The case is important to progressives in America for a number of reasons — above all because of the defendant himself, John Edwards.

In 2004, Edwards ran for the Democratic nomination for the Presidency, was beaten by John Kerry and then became Kerry’s running mate. In 2008, Edwards ran again, and this time was beaten out by Barack Obama.

Edwards’ 2008 campaign was an extraordinary one.

He launched his bid for the Presidency standing in the ruins of New Orleans, a city which had become a symbol of what Edwards would call “the two Americas”.

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Their morals and ours: The case of John Edwards

Wednesday, June 6th, 2012

John Edwards.This article appears in the current issue of Solidarity.

John Edwards was once the shining hope of American progressives; today, he’s a disgraced former politician. Last week, his trial in federal court ended with an acquittal. The trial, and the public reaction to it, showed yet again a very ugly side to American politics and culture.

While it may seem ancient history to Americans, it was only four years ago that John Edwards ran for the Democratic nomination for President on a moderately social democratic platform. This put him far to the left of the two front runners, Hillary Clinton and Barack Obama. When the health care plans of the three candidates were compared, it was obvious that only Edwards was committed to genuine reform — and Obama came in with the least ambitious plan of all.

Edwards focussed his 2008 campaign on the notion of “two Americas”, a phrase perhaps first used by James P. Cannon in his 1948 speech to the Socialist Workers Party convention.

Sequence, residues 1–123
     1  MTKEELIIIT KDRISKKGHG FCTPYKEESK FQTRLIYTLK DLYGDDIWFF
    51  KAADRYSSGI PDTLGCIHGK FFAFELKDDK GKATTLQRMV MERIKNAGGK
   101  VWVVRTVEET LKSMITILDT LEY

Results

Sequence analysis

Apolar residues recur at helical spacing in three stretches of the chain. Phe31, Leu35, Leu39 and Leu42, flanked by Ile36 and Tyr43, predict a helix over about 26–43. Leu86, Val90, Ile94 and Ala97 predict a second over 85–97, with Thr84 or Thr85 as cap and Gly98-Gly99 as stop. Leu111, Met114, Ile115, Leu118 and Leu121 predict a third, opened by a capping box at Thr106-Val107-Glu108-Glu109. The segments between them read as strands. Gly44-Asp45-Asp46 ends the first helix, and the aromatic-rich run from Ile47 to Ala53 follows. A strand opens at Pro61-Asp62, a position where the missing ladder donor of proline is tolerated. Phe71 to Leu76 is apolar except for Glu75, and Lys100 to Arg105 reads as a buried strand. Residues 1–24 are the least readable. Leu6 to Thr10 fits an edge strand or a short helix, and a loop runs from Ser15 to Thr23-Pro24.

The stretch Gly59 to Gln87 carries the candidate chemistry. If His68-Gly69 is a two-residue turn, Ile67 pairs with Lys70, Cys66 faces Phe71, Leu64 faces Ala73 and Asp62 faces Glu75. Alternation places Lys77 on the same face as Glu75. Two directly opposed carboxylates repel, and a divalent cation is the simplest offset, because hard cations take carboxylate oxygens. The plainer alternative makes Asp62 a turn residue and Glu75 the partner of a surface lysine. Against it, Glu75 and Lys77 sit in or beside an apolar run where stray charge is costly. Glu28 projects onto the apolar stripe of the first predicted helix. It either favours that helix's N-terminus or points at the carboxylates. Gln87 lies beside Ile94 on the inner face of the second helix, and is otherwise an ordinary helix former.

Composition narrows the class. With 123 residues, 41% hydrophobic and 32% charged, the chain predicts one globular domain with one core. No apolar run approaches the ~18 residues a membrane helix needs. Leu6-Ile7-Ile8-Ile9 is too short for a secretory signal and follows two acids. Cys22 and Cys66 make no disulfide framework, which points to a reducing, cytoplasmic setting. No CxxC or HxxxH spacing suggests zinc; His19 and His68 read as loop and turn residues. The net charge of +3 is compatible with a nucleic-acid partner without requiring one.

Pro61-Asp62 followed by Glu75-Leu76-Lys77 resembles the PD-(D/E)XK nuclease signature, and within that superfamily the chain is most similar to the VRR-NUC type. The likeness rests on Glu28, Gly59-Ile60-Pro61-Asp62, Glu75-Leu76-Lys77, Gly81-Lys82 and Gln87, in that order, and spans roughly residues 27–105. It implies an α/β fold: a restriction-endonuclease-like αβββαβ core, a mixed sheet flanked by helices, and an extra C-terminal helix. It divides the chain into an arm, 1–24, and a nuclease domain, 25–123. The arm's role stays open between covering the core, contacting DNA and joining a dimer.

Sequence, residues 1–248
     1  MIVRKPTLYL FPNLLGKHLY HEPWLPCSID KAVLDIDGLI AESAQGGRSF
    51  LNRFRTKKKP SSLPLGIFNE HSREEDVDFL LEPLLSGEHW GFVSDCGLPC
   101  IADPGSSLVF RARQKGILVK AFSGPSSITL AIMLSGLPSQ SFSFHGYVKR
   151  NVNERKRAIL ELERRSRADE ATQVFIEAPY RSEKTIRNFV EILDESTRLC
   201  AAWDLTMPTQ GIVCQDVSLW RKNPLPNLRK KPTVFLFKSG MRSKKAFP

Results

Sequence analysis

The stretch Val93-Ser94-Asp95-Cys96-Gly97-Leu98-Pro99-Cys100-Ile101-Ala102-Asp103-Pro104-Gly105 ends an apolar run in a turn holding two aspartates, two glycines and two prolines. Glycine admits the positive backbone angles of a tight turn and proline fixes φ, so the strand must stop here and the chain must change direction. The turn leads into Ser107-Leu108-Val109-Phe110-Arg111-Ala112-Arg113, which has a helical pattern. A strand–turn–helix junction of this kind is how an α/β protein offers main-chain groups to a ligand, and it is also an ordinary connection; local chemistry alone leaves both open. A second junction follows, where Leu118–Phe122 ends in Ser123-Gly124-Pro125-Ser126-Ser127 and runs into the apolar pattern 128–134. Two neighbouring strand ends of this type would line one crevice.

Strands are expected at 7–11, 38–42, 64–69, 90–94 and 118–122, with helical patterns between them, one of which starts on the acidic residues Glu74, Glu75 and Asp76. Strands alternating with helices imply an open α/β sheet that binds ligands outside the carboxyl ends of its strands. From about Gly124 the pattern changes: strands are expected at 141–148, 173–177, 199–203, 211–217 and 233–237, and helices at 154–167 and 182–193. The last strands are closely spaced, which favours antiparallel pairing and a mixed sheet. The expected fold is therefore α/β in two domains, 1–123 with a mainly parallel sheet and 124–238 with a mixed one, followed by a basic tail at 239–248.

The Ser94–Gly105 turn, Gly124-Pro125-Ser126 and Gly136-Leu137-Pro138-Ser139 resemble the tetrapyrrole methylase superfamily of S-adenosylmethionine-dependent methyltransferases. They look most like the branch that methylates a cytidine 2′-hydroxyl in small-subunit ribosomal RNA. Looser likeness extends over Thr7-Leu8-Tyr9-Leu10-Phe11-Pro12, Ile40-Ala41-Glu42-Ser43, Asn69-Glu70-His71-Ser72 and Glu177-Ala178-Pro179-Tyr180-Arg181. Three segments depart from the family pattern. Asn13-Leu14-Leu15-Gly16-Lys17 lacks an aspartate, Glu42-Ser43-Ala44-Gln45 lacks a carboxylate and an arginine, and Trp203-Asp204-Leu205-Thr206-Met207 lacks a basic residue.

As Cannon said at the time, “there are two Americas — and millions of the people already distinguish between them. One is the America of the imperialist … There is the other America — the America of the workers and farmers and the ‘little people’.”

American socialist writer Michael Harrington later used the phrase “the other America” as the title of his seminal book on poverty, written at a time when everyone else was talking about “the affluent society.”

Edwards probably never even heard of Cannon, but he may well have been influenced by Michael Harrington. His campaign chose to focus on the issue of poverty in America — and it resonated in the working class and on parts of the left. Unions like the United Steel Workers decided early on to throw their weight behind the Edwards candidacy.

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How Nestle Learned Global Labor Solidarity Is Alive and Well

Saturday, June 2nd, 2012

This article appeared in In These Times.


To some, trade union internationalism may seem to be a very old-fashioned notion, even quaint.

One might imagine that in some of world’s leading corporate boardrooms the use of the word “solidarity” might prompt a condescending smile.

But as the world’s largest food corporation, Swiss-based Nestlé, has recently discovered, global labour solidarity can be very real and very powerful.